He opened the door to our balcony.  The tree had fallen very close to our room, splintering part of the roof.

"We can move you to another room," the woman offered.

"No thanks," we said. I wanted to stay put. Our room was fine.  The noise and the sudden awakening were by far the worst part of Horror # 4. 

The next morning, before leaving for Nosara, we saw the damage caused by the wild avocado tree. The owner and his assistant were already busy with a chain saw.

On the balcony, the morning after. Damage to roof visible just to the right. 

The view from below. Balcony seen through branches above roof on lower level.

Sunday, April 14, 2019

Costa Rica Part 6

I think my favorite excursion was to the coffee farm. Phil and I went by ourselves, as the other four had taken the tour the previous day while Phil was at the dentist.

The farm as very small. The family's modest house was surrounded by a yard full of lovely flowers, which had a purpose, as we were soon to learn.

We were the first to arrive for a tour that day.  Gabriella, the farmer's young interpreter, asked if we would mind waiting for an hour until another group arrived. (The group comprised two dozen dentists from Seattle and their traveling companions.) "No problem," we said. We spent an hour that balmy spring morning enjoying the flowers and hanging out with the family's cat, who was sunning on the patio.

As soon as the dentists arrived in their posh Toyota tour bus, the farmer invited us to inspect some coffee plant seedlings in pots.  My brother-in-law, Ron, wrote the following paragraph, which nicely summarizes what the farmer told us: 

On Monday, we (Ron, Barbara, David and Simone) visited a small organic coffee farm. It was nothing like what I expected. The coffee trees, only four to eight feet high, are not arranged in rows, as in larger commercial farms, but helter-skelter on the small hills on the side of the mountain. Interspersed among them are fruit trees of every description: lemon, lime, grapefruit, mango, avocado, orange, and more. The fruit is never picked! Rather, it drops to the ground, to provide nutrients for the coffee trees, which receive no commercial fertilizer. 

There are also orchids and other flowers everywhere, in order to attract the bees that pollinate the coffee flowers. When one breaks the shell off one of these coffee beans, one can taste the honey on the bean. Large coffee producers wash off this honey through their vigorous washing system, but here, the washing is more gentle, and the honey remains on the bean, making coffee taste sweeter and more chocolate. The mix of coffee trees, fruit trees, and flowers made this yet another beautiful vista.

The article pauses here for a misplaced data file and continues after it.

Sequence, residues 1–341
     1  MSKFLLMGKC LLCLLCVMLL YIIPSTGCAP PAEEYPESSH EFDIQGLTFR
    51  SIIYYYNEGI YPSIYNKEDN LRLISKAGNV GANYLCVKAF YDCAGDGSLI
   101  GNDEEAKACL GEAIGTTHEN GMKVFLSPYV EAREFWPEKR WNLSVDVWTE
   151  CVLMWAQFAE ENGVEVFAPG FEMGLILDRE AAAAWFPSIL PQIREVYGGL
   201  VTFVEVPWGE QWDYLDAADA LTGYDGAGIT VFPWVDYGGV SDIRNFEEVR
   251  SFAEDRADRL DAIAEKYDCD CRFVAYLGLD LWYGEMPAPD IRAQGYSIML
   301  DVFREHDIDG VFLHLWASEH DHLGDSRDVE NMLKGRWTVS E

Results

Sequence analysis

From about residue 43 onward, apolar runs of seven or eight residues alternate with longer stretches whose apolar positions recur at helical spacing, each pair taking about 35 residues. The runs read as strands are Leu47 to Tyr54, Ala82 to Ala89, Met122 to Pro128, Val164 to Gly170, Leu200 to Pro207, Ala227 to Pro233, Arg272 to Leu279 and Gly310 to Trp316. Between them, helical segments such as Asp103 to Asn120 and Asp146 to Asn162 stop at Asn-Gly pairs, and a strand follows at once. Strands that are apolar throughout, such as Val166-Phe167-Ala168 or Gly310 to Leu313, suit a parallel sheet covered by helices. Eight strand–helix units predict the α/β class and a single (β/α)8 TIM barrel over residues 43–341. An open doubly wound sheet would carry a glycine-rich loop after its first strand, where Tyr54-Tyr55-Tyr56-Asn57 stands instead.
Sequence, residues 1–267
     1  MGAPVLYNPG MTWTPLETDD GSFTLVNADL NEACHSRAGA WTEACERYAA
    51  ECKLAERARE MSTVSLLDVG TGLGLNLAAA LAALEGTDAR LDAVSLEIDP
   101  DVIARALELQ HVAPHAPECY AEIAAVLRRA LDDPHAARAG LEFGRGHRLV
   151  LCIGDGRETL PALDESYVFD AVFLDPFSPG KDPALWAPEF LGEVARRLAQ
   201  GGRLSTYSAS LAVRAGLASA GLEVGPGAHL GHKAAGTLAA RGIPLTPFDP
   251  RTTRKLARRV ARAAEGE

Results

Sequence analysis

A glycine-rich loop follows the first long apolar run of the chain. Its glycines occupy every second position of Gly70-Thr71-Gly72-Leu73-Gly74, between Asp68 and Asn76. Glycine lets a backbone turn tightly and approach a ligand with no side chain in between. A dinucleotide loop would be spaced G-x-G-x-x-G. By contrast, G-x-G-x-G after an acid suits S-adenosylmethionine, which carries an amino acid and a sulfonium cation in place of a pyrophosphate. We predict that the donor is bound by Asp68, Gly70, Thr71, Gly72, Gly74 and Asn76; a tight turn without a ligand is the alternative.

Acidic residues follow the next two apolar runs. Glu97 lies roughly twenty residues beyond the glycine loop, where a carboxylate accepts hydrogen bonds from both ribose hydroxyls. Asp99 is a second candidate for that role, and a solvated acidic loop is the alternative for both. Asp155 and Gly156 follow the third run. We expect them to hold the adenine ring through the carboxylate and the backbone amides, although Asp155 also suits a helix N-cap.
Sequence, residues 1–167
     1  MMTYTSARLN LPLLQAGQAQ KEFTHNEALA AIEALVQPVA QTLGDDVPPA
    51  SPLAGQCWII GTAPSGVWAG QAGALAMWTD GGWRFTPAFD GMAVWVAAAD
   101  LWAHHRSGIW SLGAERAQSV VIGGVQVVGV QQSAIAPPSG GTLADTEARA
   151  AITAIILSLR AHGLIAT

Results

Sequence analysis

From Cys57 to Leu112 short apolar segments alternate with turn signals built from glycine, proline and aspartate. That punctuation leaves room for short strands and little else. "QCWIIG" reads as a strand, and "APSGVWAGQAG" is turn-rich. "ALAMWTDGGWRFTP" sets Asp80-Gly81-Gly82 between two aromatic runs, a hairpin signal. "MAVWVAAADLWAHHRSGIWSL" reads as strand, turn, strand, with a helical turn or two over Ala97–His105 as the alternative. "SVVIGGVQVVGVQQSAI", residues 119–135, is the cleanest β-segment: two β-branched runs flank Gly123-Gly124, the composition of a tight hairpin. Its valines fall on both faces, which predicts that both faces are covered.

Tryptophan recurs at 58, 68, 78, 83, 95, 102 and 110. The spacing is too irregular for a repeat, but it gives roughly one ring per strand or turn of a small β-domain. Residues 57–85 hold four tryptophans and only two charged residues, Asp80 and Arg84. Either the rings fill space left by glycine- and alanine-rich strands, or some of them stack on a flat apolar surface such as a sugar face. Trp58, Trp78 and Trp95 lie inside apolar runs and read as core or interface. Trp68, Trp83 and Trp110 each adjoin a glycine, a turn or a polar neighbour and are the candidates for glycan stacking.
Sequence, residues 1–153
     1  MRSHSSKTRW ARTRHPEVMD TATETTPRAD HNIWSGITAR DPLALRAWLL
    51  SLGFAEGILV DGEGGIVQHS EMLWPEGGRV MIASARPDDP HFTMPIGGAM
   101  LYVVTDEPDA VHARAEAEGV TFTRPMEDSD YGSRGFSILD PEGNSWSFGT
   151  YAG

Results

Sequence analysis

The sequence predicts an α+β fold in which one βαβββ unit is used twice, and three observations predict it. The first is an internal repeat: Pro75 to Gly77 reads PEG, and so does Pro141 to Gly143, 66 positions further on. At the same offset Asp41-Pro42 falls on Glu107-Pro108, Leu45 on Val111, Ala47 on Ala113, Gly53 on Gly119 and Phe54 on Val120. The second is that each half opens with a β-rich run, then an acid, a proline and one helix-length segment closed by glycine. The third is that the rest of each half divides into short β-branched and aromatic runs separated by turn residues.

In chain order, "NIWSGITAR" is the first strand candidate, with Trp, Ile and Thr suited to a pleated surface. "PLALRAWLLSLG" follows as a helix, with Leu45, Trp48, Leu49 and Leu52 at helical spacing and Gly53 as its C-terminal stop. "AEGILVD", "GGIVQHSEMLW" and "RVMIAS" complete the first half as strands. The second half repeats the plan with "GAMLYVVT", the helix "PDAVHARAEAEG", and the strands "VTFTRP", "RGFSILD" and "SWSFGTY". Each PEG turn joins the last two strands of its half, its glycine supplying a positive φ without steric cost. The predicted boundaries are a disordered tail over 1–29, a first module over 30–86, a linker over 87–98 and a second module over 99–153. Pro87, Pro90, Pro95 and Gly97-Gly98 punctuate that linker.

Ron added:
The cloud forests are changing, because of global warming, and are very fragile. Plants that are rooted in the earth can tolerate periods of little rain, but epiphytes (such as orchids) cannot survive three days without moisture. For now, this is a very, very, special place, and I am enormously grateful to have been able to be in it.


After we had seen the coffee plants at various stages of growth, the farmer told us about the production of coffee. He took us into a small one-room cabin where his wife had lived as a child with her parents, brothers and sisters. He showed us how the beans were laboriously ground and  roasted in his grandparents' day.

Gabriella, our guide, explains how beans were roasted years ago.

We were then shown modern production methods, from harvesting, drying, roasting, and bagging.  The tour ended in in a little coffee house (which was being enlarged in compliance with government regulations). Our hosts served everyone cake and their own home-grown coffee. It was a delightful day.

Tuesday, April 2, 2019

Costa Rica Part 5

This morning after breakfast we walked to the nearby butterfly garden, where we had a guided tour.  Our enthusiastic guide was a young American woman who’d gone to college to study design, lost interest in her chosen field, dropped out, come to Costa Rica, fallen in love with the country and found her life’s work in environmental studies.  She escorted us through several large netted enclosures where the butterflies lived, mated and died.  In the first enclosure, the butterflies lived entirely on sugar water.  As the day progressed, the sun’s heat fermented the sugar water. As evening approached, the butterflies became slightly drunk. After three weeks of daily happy hours, they passed away. 

In another, larger enclosure, they lived on cut-up fruit, such as papaya.  Because of the vitamins and minerals in the fruit, these butterflies lived a few weeks longer than the sugar-water group. 

We also learned about the regimented work lives of the resident ants, saw specimens of hundreds of local insects, were amazed at the size and intricacy of several spider webs,  and heard a few hair-raising tales about scorpions hiding in boots.

I liked this sign outside the rest room in the reception area.

In the afternoon, we headed for Selvatura Park.  Our van soon caught up with a dozen riderless horses, all wearing saddles, which were trotting along in an orderly line. A helmeted cowperson on a moped was herding them. The van driver had to poke along behind them until they abruptly turned left and went down another road. 

At the park, we walked through a series of bridges suspended high near the top of the canopy, marveling at the profusion of trees and ferns.  A narrow steam of water meandered far, far below.  The air was filled with bird song. 

Phil, my sister, Barbara, and brother-in-law, Ron

Eventually, we noticed a peculiar zinging noise. Before long, we realized the zinging noise, sometimes accompanied by a scream, was coming from a couple of  ziplines, which could be seen from several of the bridges.

The zipline is a Costa Rican invention. It has escaped from its homeland and is seen in recreational areas world wide, including one at Savage Mill, not far from our home in Laurel, MD. Phil offered Ron a zipline ride for his 82nd birthday, which fell on Wednesday, midway through our vacation.  Ron said he’d think about it.